Facebook Timeline anxiety: waiting for change we didn’t ask for

Tickety tickety tick.  Dateline Tuesday: a quantum change in the Facebook experience  called Timeline is about to become mandatory, and it will change your profile.  Prepare.

This news has been greeted with intense emotion in the blogosphere.  Facebook Timeline: There’s no Escaping it Now, observes Technolog  at msnbc.com, a bit ominously.   They report a new study in which half of the respondents –thousands– say they are worried about this change, and nearly a third say  they don’t know why they are still on Facebook.   When people respond so  strongly, the anxiety must go deeper than feelings  about having to learn one’s way all over again.  The tech savvy are anxious too.  What unease has this design update stirred up?

For those not already in on the story, Facebook is about to replace everybody’s personal profile, the place where we post our thoughts, images, and self-description, with a substantially changed homepage for our Facebook life.   Now, with Timeline, everything we have ever posted will be readily available at once, for a big picture nobody, even we ourselves, may have seen before.   Our stuff, the small ephemeral sharings of late nights online, will all become integrated into a story.  Once Timeline is in place, we will have a week to edit, compose, and reconsider our requirements for  privacy.

Of course, privacy concerns are nothing new for Facebook regulars.  Long before Timeline emerged, users demanded – and got—nuanced controls of who has access to their personal words and pictures.  Timeline promotes more sharing.  It offers “frictionless” apps, designed to automatically share with our Facebook friends what we are reading on the Washington Post app, what coupons  we bought on LivingSocial, and how our exercise plan is progressing.   We can still control privacy settings, with some effort.   HuffPost’s Captain Gadget blog gives clear directions.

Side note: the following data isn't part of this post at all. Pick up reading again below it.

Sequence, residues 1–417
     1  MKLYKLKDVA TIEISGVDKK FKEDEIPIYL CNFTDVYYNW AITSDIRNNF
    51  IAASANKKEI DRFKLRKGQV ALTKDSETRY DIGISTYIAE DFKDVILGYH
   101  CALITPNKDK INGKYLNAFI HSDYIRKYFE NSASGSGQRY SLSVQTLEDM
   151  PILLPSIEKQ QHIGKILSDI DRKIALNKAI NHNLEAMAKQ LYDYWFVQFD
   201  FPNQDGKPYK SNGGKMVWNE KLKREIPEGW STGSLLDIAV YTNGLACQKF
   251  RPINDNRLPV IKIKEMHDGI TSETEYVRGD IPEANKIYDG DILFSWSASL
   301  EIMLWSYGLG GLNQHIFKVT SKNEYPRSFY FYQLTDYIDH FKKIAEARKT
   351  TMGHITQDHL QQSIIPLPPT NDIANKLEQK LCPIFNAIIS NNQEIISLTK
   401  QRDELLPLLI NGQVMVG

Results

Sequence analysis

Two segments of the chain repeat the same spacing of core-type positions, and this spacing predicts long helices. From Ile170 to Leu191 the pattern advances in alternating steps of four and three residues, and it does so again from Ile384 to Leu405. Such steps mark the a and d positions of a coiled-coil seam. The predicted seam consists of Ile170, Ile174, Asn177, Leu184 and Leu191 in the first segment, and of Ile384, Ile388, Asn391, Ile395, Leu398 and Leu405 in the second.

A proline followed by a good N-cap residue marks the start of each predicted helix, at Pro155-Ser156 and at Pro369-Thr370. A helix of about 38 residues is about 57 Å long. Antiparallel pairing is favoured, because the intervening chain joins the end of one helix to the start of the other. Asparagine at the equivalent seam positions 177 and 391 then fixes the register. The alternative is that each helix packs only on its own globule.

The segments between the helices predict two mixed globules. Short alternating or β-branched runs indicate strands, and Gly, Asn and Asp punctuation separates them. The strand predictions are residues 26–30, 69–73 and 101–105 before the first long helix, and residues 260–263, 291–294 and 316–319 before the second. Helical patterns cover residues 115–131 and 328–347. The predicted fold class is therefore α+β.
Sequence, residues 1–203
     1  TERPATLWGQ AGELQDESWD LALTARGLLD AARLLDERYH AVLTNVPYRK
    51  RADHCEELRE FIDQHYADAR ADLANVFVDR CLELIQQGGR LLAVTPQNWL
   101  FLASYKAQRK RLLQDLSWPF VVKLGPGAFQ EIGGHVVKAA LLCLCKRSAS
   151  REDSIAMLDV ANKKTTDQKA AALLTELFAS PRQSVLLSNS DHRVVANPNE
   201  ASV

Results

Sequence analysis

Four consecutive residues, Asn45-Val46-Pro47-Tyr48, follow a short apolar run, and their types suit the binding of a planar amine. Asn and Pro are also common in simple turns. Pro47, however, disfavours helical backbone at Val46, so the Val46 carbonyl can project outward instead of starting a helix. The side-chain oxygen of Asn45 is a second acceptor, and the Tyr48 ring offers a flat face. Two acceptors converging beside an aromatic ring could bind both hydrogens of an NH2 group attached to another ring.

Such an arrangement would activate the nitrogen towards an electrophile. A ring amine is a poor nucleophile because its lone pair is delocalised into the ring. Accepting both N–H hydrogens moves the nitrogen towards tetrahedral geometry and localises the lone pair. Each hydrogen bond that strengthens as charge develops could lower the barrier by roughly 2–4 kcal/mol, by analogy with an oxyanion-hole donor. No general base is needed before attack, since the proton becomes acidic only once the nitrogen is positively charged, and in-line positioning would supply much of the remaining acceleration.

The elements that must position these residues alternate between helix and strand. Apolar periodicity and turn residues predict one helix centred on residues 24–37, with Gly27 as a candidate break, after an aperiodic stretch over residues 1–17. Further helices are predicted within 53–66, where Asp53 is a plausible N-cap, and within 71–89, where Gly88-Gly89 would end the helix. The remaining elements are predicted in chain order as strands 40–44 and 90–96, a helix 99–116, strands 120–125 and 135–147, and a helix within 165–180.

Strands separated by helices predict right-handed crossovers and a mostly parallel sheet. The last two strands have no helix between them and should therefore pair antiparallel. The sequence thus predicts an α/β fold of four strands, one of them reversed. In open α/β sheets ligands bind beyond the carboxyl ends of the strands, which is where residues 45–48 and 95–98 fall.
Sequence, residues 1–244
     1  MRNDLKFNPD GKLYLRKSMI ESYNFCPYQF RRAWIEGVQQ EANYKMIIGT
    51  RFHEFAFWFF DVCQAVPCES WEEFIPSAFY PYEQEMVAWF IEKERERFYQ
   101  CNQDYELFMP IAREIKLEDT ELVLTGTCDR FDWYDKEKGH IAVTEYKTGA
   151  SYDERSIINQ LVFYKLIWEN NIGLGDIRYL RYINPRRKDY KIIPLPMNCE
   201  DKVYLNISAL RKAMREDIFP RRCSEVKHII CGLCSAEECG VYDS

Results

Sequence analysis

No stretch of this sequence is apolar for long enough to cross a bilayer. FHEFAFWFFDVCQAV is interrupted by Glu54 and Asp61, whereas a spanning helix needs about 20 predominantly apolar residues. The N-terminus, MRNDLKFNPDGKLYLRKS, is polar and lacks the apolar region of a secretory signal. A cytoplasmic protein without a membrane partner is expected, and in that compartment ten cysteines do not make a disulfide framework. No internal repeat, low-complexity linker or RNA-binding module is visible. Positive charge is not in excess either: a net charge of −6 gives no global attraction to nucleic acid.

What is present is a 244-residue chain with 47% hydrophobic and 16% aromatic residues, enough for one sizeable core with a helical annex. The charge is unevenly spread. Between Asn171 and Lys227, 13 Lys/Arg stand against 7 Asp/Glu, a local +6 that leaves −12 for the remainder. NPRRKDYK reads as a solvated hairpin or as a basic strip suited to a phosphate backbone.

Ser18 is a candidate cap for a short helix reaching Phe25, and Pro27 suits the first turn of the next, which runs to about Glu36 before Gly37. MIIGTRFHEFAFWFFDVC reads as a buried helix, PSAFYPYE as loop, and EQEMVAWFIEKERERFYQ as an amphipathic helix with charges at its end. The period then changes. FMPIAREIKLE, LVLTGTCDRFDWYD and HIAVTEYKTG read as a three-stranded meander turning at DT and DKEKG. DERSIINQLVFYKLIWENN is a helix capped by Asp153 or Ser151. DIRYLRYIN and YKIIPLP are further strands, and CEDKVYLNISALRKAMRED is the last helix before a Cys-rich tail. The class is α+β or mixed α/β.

Thinking about privacy does stir unease.  But Timeline anxiety feels even more personal than that: exposure of a much bigger, and more revealing, picture of who we are, or who we say we are.  No wonder we are anxious.  No doubt, advertisers will enjoy this greater insight, and use it as a marketing strategy.  But this possibility seems more suited to irritation than anxiety.   I wonder if the trepidation may have more to do with what our Facebook history may expose to ourselves, and those we want to see us kindly.  How do we cope when we feel vulnerable?

Changing the place we call home resonates deeply.  Zuckerberg, the Facebook founder and guru, understands this.  “We want to design a place that feels like your home,” he said of Timeline, quoted in HuffPost Tech on January 26.  “Where you tell your story online is very personal.   It gives you the ability to curate all your stories so you can express who you really are.”